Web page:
ARLINGTON — North Texas voters on Tuesday will elect a replacement for the late Ron Wright, who died in February shortly after winning a second term.
Wright’s widow, Republican activist Susan Wright, is running for the District 6 seat in Congress against state Rep. Jake Ellzey.
On Monday both candidates were trying to finish strong.
Wright joined former President Donald Trump in a tele-rally aimed at turning out Trump supporters at the polls. The telephone event follows a weekend when Trump’s super PAC, called Make America Great Again Action, paid $100,000 for a small television advertising campaign. That ad buy was also designed to signal to Trump’s loyal followers that he’s backing Wright against Ellzey.
And on Monday, Trump restated his endorsement.
“Big election tomorrow in the Great State of Texas!” he said in an email. “Susan Wright supports America First policies, our Military and our Veterans, is strong on Borders, tough on Crime, Pro-Life, and will always protect our Second Amendment.”
Trump’s endorsement, sought by many of the 23 candidates who ran in the May primary, is expected to weigh heavily on the race, particularly since he’s still considered the leader of the GOP.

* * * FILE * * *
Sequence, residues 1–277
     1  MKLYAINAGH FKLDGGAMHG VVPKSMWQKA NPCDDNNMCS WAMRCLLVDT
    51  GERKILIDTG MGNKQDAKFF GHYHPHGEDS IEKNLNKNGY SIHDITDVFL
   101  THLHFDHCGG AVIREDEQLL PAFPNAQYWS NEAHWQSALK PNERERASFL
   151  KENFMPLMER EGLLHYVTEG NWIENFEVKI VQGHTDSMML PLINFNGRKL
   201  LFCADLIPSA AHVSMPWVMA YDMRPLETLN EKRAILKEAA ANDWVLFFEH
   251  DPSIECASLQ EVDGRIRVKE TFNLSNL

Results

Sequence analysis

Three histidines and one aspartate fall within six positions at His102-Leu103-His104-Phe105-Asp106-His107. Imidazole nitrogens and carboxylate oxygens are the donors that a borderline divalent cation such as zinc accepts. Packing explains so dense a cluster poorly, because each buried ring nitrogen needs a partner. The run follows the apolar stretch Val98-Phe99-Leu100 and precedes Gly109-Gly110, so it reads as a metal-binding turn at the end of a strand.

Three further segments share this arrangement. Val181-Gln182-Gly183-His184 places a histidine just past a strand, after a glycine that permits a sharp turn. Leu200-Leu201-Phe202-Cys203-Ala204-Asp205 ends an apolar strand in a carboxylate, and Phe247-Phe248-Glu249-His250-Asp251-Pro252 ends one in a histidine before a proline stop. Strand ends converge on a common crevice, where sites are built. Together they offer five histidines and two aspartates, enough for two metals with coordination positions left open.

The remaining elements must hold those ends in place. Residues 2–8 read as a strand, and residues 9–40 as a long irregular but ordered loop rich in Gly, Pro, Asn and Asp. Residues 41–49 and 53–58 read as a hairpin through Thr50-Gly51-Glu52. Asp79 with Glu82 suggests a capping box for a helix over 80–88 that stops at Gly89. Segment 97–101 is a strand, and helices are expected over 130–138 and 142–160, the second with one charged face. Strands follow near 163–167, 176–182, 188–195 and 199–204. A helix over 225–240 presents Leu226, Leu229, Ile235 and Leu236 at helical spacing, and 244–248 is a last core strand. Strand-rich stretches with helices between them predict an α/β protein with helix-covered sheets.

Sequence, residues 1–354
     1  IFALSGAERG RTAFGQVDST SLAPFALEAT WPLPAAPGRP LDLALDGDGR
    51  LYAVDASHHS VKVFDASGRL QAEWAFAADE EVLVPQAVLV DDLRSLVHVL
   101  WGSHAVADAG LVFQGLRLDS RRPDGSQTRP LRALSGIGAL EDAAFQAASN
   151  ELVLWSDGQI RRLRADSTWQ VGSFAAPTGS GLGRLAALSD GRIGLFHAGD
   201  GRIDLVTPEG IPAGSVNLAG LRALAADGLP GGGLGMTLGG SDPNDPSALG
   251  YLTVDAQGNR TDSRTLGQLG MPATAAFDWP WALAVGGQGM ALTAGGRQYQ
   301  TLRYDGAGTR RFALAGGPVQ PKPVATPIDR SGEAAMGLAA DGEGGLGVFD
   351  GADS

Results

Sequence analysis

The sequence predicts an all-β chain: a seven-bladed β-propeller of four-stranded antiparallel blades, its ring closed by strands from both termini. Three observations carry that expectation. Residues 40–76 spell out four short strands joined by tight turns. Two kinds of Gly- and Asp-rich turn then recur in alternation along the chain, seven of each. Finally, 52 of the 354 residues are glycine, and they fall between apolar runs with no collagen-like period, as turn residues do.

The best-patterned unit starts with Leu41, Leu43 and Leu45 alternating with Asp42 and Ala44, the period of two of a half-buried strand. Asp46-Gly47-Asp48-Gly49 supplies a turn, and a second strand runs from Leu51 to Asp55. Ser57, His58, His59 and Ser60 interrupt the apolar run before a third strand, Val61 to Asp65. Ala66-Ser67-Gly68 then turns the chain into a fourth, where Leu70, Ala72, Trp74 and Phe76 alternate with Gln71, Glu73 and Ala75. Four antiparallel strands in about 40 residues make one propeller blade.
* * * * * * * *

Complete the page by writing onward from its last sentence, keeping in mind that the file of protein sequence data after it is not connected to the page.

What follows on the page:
But for Trump, backing Wright in a sleepy North Texas race carries some risk. Low turnout elections are hard to predict, and Ellzey represents a significant portion of the district, which includes Tarrant, Ellis and Navarro counties, in the Texas Legislature.
Ellzey has also raised more campaign cash than Wright, though she’s been boosted by outside groups.
Tarrant County is the largest portion of the district, but its share of the vote, while still the biggest at well over 60%, dipped during last week’s early voting period, when compared to the May election, when Tarrant County voters made up about 70% of the overall turnout.
Along with Trump, Wright is backed by Sen. Ted Cruz, former Fort Worth Mayor Betsy Price and the anti-tax group called the Club for Growth. The group’s political arm has spent hundreds of thousands of dollars on ads that tout Wright and malign Ellzey. The state representative’s supporters have called the mailers and ads unfair distortions of his record. But Club for Growth leaders stand by the mailers, which describe Ellzey as anti-Trump, soft on border security and a tool of Democrats, including House Speaker Nancy Pelosi.
“I like where we are in this race,” said Matthew Langston, Wright’s chief campaign consultant. “We’re in a strong position. I’d rather be us than them.”
Ellzey, who has had to manage attending a special legislative session in Austin with campaigning for Congress, has been making final pitches to voters in the district. Over the past several days Ellzey’s campaign mailers have shown up in mailboxes, including those where Democrats live.
One mailer states that Ellzey would make improving public education a top priority.
“We mail to everybody,” said Craig Murphy, Ellzey’s chief campaign consultant. He added that Wright has also been courting Democratic Party voters, a charge that the Wright campaign disputes.
“We’ve had strong support at the polls during early voting,” Murphy said. “Now we’re finishing up the…